November 27, 2022 Essay: Is Jesus Coming?

Nov 17, 2022

Today we begin the season of Advent and the beginning of a new Church year.

Advent always begins on the fourth Sunday before Christmas Day and ends on Christmas Eve. If Christmas Eve falls on a Sunday, it is counted as the fourth Sunday of Advent, with Christmas Eve proper beginning at sundown. By any calculation, Advent is quite brief.

The Church regards Advent as a time of waiting and longing for God’s promises to be fulfilled. One of the Readings at Mass on Christmas Day speaks of us “awaiting our blessed hope, that is, the glorious coming of the Great God, our Savior Jesus Christ.” Advent is this “awaiting our blessed hope. Our waiting and longing are summed up in the one word “Come.” The coming of the Lord is hinted at in the very first pages of scripture—in the third chapter of Genesis, and on the last page—in the Book of Revelation—there still stands the prayer: “Come, Lord Jesus.

The renowned Jesuit theologian Karl Rahner, who died in 1984 and who had been appointed by Pope John XXIII as a “peritus” (expert advisor) to the Second Vatican Council, wrote some of his clearest and most helpful thoughts on Advent in his spiritual classic Encounters with Silence. In that book, Rahner addresses God: “You tell me that you have already come, that your name is Jesus, son of Mary, and that I know in what place and at what time I can find you. That’s all true, of course, Lord—but forgive me if I say that this coming of yours seems to me more like a going, more like a departure than an arrival. Is your humble human existence from Bethlehem to Calvary really the coming which was to redeem wretched humankind from its misery?

Rahner answers his own question in part by saying: “Slowly a light is beginning to dawn. I’m beginning to understand you are still in the process of your coming. Your appearance in the form of a slave was only the beginning of your coming, a beginning in which you chose to redeem human beings by embracing the very slavery from which you were freeing them. It is said that you will come again, and this is true. But the word again is misleading. It won’t really be ‘another’ coming, because you have never really gone away. In the human existence which you made your own for all eternity, you have never left us.”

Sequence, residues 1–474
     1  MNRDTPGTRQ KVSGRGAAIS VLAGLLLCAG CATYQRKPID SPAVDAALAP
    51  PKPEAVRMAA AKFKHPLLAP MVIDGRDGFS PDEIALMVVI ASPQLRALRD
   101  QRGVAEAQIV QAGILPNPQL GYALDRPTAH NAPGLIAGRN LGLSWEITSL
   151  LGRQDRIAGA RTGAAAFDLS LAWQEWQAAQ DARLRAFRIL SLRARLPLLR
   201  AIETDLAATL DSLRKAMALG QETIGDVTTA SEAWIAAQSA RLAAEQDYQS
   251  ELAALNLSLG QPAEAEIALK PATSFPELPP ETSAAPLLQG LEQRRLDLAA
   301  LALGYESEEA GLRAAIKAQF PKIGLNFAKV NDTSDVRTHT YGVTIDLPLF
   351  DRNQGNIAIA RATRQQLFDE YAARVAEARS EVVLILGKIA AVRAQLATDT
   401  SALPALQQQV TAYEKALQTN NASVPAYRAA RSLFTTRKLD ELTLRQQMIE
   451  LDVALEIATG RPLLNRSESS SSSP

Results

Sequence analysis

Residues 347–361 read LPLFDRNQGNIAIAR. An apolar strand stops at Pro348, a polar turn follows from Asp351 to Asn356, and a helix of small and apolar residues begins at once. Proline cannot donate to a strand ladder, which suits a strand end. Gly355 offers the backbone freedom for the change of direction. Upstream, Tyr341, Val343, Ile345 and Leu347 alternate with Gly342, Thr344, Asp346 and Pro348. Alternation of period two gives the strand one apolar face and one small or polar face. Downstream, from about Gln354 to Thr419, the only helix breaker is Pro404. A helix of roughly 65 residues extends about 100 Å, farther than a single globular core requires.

Rahner concludes with a statement and a prayer. “Behold, you come. And your coming is neither past nor future, but the present, which has only to reach its fulfillment. Now it is still the one single hour of your advent, at the end of which we too shall have found out that you have really come. O God who is to come, grant me the grace to live now, in the hour of your advent, in such a way that I may merit to live in you forever, in the blissful hour of your eternity.”

At the celebration of every Mass, immediately after the consecration, the priest announces: “The mystery of faith.” The congregation then proclaims one of the prescribed formulas of faith. Here is a common one: When we eat this bread, and drink this cup, we proclaim your Death, O Lord, until you come again. During Advent, an alternate formula might very well be: Christ has come, Christ still comes, Christ will come again. His coming “again” will be the fulfillment of his coming now.

— Rev. William J. Bergen, S.J., Senior Priest